Curious students were hit with a questionnaire that asked about their history with The Legend of Zelda and, more specifically, Tears of the Kingdom. Folks who were more familiar with both were more likely to get into the course, but when the dust settled—a random number generator was ultimately used to select students—Sochol said that half of the course had never played a Zelda game. Ever. Meanwhile, just one student had beaten TotK by the time the course started, and only four had even played it. Despite this unfamiliarity, Sochol said the least experienced team won the mid-term challenge race.


What’s also pretty cool is that Sochol paired the game with the industry-standard computer-aided design (CAD) software other engineers—himself included—use to construct robots and products. Students will, for example, build a car in ToTK and then attempt to replicate it in CAD, picking apart the differences side-by-side to see how the game’s virtual world relates to the real world. This way, students learn some complementary CAD skills for IRL application while testing out theories in a 3D space.

It’s also exponentially cheaper doing it like this, as CAD software—specifically the SolidWorks program Sochol and the University of Maryland engineering courses use—can run hundreds, if not thousands, of dollars for a yearly subscription. That said, he said the class itself, while much more cost-effective than subscribing to CAD software, still drained his wallet. Sochol explained:

That’s the really funny thing. I think, if you’re outside of the academic world or the engineering world, you might look at it [as expensive]. But to give you, like, a frame of reference, the CAD software I’m talking about using? The license that we personally get for my lab for one computer for one year is $10,000. Even one of the main simulation softwares that my group uses, which I feel is not that expensive, is still $3,000 for one license for one year. And I have to keep subscribing to that every single year so that my students can still simulate floating interactions and things like that. […] With this course, I got six Nintendo Switches, I got six game cartridges, and I got six Pro Controllers. And with that, we’re under $3,000 and they never go away. I can use these forever. It’s a one-time purchase, and to be honest, all of that together is still less than the computer that I had to buy to even start this whole process to get a license.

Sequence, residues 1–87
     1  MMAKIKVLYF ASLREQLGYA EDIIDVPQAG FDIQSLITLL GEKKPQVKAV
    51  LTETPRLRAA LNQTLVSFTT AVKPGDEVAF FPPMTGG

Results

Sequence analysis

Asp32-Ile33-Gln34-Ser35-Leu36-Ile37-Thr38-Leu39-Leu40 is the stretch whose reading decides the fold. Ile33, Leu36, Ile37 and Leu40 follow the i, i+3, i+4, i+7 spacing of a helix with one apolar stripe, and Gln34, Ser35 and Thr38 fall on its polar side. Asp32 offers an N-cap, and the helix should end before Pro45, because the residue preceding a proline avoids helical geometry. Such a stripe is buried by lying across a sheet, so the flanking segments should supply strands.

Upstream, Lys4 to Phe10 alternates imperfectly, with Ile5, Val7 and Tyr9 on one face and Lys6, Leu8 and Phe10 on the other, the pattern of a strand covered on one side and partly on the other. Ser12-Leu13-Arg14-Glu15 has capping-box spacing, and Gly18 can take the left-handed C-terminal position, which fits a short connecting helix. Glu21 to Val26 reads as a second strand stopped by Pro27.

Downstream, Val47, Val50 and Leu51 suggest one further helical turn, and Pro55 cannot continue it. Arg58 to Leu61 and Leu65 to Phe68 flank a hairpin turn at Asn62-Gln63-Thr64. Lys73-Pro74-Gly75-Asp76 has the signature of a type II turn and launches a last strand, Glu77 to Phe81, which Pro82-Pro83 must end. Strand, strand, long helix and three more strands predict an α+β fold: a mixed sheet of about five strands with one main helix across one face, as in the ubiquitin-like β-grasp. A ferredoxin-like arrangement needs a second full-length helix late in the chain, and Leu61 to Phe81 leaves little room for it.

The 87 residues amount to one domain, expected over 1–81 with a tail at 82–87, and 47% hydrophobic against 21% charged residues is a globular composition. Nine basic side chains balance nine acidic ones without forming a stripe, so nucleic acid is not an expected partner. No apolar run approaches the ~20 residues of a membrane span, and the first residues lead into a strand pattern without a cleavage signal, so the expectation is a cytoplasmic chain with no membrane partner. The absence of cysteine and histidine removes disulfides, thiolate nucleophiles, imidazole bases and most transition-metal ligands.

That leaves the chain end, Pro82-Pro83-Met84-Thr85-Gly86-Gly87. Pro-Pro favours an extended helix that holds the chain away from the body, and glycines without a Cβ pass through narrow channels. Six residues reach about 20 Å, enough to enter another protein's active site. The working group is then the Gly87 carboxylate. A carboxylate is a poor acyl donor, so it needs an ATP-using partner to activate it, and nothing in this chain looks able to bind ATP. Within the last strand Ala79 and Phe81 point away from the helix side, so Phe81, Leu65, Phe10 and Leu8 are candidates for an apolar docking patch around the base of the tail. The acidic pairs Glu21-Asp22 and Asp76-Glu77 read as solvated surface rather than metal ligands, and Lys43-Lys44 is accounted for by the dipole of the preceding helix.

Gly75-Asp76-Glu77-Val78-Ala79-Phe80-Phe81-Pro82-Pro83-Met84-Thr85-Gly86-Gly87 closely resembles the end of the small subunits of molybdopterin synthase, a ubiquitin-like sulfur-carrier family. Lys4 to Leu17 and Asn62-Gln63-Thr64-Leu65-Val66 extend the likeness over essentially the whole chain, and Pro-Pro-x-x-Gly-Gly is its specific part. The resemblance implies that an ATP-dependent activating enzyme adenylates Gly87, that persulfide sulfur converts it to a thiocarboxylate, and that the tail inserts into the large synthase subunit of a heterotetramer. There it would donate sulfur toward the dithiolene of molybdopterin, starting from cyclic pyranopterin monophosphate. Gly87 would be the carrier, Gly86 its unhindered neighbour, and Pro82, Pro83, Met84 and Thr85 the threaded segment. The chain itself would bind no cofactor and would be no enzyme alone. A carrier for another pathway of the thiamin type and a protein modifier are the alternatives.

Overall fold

The hope, Sochol said as the course enters its final weeks, is to expand the course’s curriculum—making it a more intensive three-credit class—and structure it so that other colleges can offer something similar. He outlined on his LinkedIn page how he constructed the class to inspire other professors to do the same. He also intends to run the course in the spring semester—and the one after that, and the one after that—for as long as there’s funding and students. It’s a one-credit elective course, which is comparable to sitting in a seminar for an attendance grade, but Sochol has aspirations to make it a much heavier-weight class in the long term. For now, Sochol’s very impressed with his students’ progress.

Read More: Tears Of The Kingdom Sales Prove Open-World Zelda Is Here To Stay 

With the massive success that is Tears of the Kingdom, which has sold nearly 20 million units since its May 12 launch, Sochol hopes that other developers follow the path of what’s known as the gamification of learning, or “gamified education,” the act of using video games to teach students a variety of curricula. I’d love to see this, too. It shows that the medium is capable of more than we realize.


Oh, and in case you were curious: Sochol has completed ToTK (with his wife, no less) and his fave Zelda game is Ocarina of Time.